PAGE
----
Monday, January 14, 2013

Puzzle Peace

There's just something about a puzzle.

Something about a puzzle reminds me of childhood--my mom often spread out landscapes jigsawed into nearly unrecognizable colors and forms.  I would stop and try to place a piece or two, but I never really had the patience to sit and work at it.

During our New Year's trip to Utah, Brad's mom, Janie, always had a puzzle out on the card table, and those puzzles drew me like the bird feeders outside her windows drew the woodpeckers.  I couldn't resist the pull every time I walked by to see if I could find just one piece.  And that would lead to just one more, just one more, until I had spent an hour sitting in the drafty window seat, struggling to match shapes and colors.

What I loved about the puzzle was how it not only drew me into its mystery, but it drew in most members of the family at one time or another.  With no technology or extraneous noise, we puzzlers would have actual conversations as we worked.  One evening, I spent a few hours with Brad's sister Katie, fitting and guessing and talking about nothing in particular. I had the same experience with my newest sister-in-law, and it was a good opportunity to get to know her a little bit better and spend time with her. On another night, with raucous games of Rummikub and Scum echoing from the kitchen, Brad's stepdad, Greg, and I found sanctuary at the puzzle in the living room.

The small kids were intrigued by the puzzle as well--they would stop and look, exclaiming at the progress since the last time they'd bothered to interrupt their cousin time.  Eve would try to move pieces around, thinking she was participating in this very grown-up ritual, only to be reprimanded and the pieces removed from her small hands.

One member of the family even attempted to hold two handfuls of pieces for ransom--the fee being time away from the puzzle to play games as a family.  Brad later found the pieces on top of a cabinet, and calm was once again restored.

It was our last night in Utah, and I once again found myself seated at the puzzle, wondering how many more days it would take the family to finish it.  It seemed so far from complete, and of course all the hardest pieces were left to place.  I was initially joined by Greg, then Janie, and finally by Brad.  All the kids were in bed, exhausted from a week of staying up late every night and eating junk food whenever possible.  All the local siblings had returned to their homes, getting kids calmed down for school the next morning.  It was just the four of us, and we were on a mission.  Time passed, and pieces found homes.  More than once, one of us would utter, "I need to get to bed," but none would leave the puzzle.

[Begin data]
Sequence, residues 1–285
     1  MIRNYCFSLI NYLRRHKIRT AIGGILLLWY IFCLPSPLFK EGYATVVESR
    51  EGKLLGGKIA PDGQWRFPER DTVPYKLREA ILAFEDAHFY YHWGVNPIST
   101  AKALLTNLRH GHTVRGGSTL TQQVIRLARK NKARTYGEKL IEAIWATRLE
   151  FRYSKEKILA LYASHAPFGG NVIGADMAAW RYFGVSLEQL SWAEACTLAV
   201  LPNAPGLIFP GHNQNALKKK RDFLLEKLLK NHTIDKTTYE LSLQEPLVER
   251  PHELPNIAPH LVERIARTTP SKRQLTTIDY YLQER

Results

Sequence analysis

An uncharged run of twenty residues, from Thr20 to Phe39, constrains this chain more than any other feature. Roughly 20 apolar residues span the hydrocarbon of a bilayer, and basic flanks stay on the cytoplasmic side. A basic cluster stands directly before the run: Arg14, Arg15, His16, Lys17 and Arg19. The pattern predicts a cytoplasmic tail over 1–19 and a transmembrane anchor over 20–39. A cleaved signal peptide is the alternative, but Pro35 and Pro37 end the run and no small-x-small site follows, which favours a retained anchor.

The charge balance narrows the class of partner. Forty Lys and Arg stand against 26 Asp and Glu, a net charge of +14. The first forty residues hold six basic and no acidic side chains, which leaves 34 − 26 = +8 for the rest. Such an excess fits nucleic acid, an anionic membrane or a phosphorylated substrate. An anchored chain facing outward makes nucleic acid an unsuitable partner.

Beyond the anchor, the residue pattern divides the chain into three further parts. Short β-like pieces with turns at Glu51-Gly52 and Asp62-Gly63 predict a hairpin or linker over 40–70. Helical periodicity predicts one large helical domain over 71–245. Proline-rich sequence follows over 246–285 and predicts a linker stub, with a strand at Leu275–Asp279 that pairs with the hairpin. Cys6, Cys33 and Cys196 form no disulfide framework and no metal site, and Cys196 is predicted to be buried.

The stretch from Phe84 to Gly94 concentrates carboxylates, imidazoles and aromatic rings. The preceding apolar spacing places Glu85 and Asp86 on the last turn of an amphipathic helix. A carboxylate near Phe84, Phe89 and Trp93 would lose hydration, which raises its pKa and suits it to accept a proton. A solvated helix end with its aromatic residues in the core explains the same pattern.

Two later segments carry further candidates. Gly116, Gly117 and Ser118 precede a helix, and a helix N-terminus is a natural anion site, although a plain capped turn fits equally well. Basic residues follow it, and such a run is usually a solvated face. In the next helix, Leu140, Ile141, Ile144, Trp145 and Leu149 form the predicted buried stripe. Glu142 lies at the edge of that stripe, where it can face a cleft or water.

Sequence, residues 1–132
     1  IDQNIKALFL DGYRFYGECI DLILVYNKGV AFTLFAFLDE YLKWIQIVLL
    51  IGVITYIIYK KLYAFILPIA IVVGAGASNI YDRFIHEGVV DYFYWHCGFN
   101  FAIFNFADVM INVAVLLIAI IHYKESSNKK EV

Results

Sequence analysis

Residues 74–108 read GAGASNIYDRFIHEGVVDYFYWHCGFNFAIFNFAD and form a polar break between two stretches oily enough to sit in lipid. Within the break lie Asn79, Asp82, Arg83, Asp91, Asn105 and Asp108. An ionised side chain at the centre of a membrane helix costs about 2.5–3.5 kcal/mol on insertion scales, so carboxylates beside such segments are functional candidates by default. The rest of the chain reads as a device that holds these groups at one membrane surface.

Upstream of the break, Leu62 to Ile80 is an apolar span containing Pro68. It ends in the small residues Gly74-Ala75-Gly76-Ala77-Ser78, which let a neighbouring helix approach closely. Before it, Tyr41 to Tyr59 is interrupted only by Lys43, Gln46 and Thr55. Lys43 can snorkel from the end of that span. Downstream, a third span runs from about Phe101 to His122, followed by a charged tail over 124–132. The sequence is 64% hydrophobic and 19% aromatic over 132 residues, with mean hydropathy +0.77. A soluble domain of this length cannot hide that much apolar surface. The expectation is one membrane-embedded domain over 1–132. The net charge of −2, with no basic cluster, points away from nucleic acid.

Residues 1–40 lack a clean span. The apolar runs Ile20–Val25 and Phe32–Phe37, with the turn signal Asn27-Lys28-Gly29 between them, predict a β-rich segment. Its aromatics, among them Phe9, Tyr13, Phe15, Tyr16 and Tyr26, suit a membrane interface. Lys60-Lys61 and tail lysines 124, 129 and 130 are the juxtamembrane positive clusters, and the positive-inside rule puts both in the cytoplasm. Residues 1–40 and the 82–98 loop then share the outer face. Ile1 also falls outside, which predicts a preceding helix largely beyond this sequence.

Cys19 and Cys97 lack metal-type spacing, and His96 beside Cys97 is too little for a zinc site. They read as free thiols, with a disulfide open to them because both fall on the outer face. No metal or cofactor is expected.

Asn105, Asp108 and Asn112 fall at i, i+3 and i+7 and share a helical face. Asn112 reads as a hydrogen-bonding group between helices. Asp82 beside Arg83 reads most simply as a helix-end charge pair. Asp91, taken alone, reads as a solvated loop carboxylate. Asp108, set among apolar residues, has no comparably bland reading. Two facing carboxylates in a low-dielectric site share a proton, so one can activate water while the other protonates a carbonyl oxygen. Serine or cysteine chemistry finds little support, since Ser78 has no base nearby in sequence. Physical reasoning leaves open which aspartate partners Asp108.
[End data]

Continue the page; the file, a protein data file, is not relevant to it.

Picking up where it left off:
After almost two hours, we were nearing our goal.  Pieces were placed in a frenzy, with a satisfied tap given to each new fit.  I had been working on one area of yellow window, and I could tell that one of the pieces had been lost during the week.  I was so annoyed that, even after we placed every piece, one would still be missing. 

Ten pieces left.  Nine.  Eight, seven, six, five, four, three, two.  And just the final piece of window was left.  With a mischievous smirk, Greg reached into his palm and placed the final yellow piece--the piece he'd been holding to be guaranteed that he would finish the puzzle. 

I live this busy, noisy, technology-overloaded life every day.  Sounds like I need to invest in a few puzzles to bring my family back to what is important--quiet time, figuring out mysteries and challenges together.

Maybe when Evie is old enough not to take the pieces away.  Give me another year.


  1. we always did puzzles growing up too!!! we would go on vacation to mendocino california and we weren't allowed to watch tv the entire week. we had a kid puzzle going and a grown up puzzle going the entire week. there was a fish one that almost killed all of us it was so hard. i think we framed it b/c we didn't have the heart to take it apart. and we played a lot of monopoly too.

  2. Awesome. I'm like that with a puzzle. Can't leave it alone.

    What was the finished product?

  3. Our family has a puzzle going every time we get together. I rarely work on it (because I am horrible at it and get frustrated), but I often sit there at the table just to get in on the conversation, especially late at night.

    In our family, Ryan is a puzzle magician. He can spot them in seconds...on a 1500-word puzzle. It's crazy.


  4. I love working on puzzles and I really love how Brad's family works on it together. It's really cool how a single puzzle could bring family members together like that. I'm the only one in my family who plays with puzzles. My dad, sister and brother occasionally do them too, especially if there is one that I'm working on. Unfortunately, we don't bond or converse when working on them together. It does feel nice to be able to sit in comfortable silence with each other though.